20th/21st C postcolonial and transnational literature, political and affective economies, vulnerability, migration studies and diaspora, new historicism, cultural studies, gender studies, feminist/queer theory, critical race theory, political theory
US-Latin American Foreign Relations. A group in which to explore the historical development of the economic, military, political, and cultural relations between the US and Latin American countries.
As an Assyriologist who has also trained in archaeology and gained considerable experience of Near Eastern excavation, my primary interest is in combining textual information and material culture in the study of Mesopotamian society and economy. I apply this approach to the study of the Babylonian city and to investigating house and household. I am currently PI of an international project, Machine Translation and Automated Analysis of Cuneiform Languages (MTAAC), funded by SSHRC through the Trans-Atlantic Platform Digging into Data Challenge. Research Interests My work focuses on the social, political and economic history and material culture of 1st millennium BC Mesopotamia, with a particular interest in Babylonian urbanism and the built environment, and in the Neo-Assyrian royal household. My research and publications cover the following topics:
- urbanism and the built environment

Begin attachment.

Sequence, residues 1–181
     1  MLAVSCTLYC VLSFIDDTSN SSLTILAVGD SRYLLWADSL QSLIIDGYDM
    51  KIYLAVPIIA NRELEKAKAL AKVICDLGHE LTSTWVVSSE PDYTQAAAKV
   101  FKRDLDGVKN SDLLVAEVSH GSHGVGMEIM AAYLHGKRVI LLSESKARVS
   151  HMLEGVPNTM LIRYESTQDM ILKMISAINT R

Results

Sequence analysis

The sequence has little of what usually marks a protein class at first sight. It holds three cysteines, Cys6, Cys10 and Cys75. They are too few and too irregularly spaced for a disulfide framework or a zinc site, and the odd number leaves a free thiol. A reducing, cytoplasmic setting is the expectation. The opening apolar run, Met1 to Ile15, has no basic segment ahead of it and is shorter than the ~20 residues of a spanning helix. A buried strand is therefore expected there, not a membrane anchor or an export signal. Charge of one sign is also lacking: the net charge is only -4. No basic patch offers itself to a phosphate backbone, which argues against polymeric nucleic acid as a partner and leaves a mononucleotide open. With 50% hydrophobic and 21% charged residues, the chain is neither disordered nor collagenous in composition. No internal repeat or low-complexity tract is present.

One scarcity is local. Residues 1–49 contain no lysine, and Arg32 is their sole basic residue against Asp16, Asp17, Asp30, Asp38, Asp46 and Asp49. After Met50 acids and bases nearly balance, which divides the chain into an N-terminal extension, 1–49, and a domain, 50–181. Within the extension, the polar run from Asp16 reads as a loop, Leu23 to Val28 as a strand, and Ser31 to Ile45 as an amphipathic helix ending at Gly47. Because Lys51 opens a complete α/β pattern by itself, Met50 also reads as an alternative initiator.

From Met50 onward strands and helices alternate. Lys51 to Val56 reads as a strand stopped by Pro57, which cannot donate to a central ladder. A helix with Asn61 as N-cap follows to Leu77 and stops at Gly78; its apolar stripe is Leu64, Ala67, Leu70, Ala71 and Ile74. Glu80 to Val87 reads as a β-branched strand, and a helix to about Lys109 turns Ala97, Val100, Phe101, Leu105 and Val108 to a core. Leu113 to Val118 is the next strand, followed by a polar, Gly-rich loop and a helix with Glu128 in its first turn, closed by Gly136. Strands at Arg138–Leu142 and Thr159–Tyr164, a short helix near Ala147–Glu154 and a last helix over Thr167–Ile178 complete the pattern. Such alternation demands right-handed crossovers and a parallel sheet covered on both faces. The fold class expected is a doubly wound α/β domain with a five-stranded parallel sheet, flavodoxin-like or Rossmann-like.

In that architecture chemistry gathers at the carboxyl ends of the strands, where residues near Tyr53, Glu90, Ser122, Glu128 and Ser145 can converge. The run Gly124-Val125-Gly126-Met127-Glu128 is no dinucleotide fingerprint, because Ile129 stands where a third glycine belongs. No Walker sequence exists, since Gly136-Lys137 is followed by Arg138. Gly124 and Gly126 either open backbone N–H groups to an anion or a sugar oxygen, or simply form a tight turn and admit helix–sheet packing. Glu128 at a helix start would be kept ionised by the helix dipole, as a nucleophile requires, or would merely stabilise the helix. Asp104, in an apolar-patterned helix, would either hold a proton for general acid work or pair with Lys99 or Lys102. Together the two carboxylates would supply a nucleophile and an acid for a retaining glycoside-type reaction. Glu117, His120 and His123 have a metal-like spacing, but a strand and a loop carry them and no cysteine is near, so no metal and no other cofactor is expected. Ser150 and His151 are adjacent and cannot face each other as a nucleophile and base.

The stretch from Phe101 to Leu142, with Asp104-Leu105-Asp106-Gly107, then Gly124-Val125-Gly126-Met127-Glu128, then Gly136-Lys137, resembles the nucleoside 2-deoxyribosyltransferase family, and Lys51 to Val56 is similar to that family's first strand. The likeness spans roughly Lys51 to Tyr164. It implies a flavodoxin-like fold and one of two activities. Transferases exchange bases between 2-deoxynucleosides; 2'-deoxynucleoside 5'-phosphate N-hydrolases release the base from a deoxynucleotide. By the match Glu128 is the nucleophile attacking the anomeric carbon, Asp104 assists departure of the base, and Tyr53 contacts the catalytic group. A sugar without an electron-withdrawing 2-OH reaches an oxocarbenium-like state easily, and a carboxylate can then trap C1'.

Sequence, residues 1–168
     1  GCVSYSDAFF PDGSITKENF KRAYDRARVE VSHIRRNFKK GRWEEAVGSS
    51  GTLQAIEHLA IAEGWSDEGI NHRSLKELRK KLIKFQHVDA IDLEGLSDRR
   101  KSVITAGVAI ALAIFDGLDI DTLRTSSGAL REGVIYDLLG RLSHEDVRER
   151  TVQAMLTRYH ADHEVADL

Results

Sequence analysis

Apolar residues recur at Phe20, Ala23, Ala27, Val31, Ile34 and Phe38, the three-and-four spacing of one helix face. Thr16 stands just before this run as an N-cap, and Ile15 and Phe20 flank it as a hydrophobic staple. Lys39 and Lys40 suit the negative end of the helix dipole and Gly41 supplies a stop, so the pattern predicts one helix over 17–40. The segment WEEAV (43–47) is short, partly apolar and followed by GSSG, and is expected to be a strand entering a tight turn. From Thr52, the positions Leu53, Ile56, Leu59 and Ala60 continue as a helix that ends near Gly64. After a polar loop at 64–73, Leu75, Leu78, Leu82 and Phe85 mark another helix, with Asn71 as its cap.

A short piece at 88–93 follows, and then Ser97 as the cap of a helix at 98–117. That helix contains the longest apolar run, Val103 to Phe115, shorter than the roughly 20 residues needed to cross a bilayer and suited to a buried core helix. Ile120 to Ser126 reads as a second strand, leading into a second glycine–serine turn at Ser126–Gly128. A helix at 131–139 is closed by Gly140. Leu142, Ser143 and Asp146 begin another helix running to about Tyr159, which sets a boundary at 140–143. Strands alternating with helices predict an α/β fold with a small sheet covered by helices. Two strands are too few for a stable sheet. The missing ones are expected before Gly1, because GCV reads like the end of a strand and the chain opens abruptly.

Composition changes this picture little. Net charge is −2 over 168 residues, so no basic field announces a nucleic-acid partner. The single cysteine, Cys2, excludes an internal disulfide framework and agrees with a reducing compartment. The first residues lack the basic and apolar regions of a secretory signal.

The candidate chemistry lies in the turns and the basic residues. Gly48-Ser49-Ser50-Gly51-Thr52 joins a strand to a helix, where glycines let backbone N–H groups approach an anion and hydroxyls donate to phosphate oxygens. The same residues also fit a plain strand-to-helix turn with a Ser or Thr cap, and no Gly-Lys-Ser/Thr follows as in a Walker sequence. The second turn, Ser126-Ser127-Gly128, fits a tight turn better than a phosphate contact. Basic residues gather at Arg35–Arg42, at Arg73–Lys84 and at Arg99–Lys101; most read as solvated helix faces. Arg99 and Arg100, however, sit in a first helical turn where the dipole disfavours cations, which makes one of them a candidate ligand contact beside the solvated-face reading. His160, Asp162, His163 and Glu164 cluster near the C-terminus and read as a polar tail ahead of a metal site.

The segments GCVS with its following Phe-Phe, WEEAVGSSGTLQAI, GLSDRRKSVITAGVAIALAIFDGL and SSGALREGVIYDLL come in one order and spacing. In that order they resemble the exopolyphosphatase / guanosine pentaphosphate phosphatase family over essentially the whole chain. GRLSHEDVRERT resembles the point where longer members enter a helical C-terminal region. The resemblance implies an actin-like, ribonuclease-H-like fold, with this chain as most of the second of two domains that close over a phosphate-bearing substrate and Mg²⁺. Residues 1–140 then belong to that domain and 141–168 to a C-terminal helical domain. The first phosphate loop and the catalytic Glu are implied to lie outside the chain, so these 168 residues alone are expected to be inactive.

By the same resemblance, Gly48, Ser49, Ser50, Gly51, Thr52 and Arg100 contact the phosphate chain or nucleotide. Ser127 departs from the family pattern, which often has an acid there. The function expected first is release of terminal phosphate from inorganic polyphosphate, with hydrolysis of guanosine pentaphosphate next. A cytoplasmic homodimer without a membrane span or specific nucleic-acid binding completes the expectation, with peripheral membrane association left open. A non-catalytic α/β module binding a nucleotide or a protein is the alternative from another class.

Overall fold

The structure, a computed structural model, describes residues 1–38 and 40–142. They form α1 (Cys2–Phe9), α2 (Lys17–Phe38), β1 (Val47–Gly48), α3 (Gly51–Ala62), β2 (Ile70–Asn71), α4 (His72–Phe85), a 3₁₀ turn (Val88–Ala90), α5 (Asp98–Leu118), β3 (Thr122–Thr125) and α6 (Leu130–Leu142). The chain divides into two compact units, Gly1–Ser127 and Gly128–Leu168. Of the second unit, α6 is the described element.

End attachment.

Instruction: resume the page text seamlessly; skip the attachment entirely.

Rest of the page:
- religious architecture
- house and household
- integration of textual and archaeological data
- Hellenistic Babylonia (especially the city of Uruk)
- the Assyrian royal palace and household
- onomastics and naming practices
- society and economy
- political history
- cuneiform archives and archival practices
- 2014–present: Assistant Professor in Ancient Near Eastern History, Department of Near and Middle Eastern Civilizations, University of Toronto
- 2009—2014: Senior Postdoc and PI of project “Royal Institutional Households in First Millennium BC Mesopotamia,” Institut fūr Orientalistik, University of Vienna
- 2003–2009: Postdoc, START Project “The Economic History of Babylonia in the First Millennium BC,” Institut fūr Orientalistik, University of Vienna
- 1999–2002: Research Associate, State Archives of Assyria Project, University of Helsinki; from July 1999, Editor-in-Charge of The Prosopography of the Neo-Assyrian Empire
- 1993–1998: Editorial Assistant/IT Assistant (part-time), A Lexicon of Greek Personal Names (a British Academy Major Research Project)